Why “Metanoia” Is So Much Greater Than “Repentance”—And Why That’s Important

Long ago Martin Luther read the Latin translation of the Greek New Testament called the Vulgate. He saw that John that Baptist and Jesus called out to their hearers, “Do penance! For the Kingdom of heaven is at hand!”

Really? he thought. Did they really call for their hearers to do acts of self-mortification, contrition, confession to a priest, and other acts involved in trying to achieve absolution for sin?

But Luther found that the meaning of the original Greek word metanoia didn’t involve doing any acts of piety. Rather, he found, it meant “change your mind.”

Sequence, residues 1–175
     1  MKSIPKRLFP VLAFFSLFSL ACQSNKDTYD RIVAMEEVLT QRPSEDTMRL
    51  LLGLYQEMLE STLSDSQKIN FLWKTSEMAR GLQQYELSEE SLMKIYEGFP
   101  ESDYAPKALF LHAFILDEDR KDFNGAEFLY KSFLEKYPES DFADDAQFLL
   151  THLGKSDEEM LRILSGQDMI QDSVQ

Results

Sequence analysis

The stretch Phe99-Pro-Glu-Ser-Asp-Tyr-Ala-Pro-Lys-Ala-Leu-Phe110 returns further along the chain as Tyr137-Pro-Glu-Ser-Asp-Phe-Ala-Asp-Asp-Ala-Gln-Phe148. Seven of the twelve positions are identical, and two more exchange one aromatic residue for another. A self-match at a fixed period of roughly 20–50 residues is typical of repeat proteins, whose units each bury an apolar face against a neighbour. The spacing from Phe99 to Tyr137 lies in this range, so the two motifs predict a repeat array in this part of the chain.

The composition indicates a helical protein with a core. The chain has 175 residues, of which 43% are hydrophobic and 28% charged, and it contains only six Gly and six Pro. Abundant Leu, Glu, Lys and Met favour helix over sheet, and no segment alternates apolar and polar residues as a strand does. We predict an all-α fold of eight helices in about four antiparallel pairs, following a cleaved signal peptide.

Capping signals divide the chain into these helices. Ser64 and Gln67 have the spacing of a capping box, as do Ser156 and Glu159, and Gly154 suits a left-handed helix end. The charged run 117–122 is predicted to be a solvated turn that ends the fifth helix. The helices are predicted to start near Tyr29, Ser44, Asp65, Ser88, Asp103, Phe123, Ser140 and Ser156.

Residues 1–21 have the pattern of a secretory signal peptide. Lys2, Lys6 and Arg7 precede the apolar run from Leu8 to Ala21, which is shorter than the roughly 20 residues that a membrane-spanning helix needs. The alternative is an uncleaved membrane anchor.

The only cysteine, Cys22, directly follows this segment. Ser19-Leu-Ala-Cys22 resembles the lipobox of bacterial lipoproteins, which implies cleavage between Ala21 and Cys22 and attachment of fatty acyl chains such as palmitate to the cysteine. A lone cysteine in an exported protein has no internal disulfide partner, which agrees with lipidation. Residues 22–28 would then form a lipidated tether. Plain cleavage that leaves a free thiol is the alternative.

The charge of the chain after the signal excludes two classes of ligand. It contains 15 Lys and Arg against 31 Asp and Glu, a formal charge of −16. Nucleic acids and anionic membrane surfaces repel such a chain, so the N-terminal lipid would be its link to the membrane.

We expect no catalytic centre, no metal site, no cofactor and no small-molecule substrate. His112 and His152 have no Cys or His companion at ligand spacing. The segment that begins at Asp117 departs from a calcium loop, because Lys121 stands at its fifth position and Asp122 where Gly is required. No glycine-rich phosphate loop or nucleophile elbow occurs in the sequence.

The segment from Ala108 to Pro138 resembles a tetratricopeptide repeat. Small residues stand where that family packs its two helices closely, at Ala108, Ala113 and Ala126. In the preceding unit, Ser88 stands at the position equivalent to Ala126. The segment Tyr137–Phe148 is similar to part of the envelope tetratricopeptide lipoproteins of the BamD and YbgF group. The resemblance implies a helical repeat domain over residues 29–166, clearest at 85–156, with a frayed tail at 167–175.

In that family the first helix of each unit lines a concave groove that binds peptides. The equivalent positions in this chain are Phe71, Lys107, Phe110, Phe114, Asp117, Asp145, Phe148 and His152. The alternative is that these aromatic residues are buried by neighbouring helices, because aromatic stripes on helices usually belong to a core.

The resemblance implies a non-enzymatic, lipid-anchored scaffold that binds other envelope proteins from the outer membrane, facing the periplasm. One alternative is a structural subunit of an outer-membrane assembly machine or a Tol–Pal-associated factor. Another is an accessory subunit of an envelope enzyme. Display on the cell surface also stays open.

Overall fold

Unfortunately, at least in English versions, the Latin Vulgate has exerted far more influence than it should have. The original Greek word got translated “penitence” or “repentance,” which some would argue wasn’t as far off from “penance” as it needed to be.

What does the “change of mind” mean? And why would I agree with some great thinkers that repentance is not an acceptable translation?

And why do I believe this truth is vitally important for all of us? Continue reading “Why “Metanoia” Is So Much Greater Than “Repentance”—And Why That’s Important”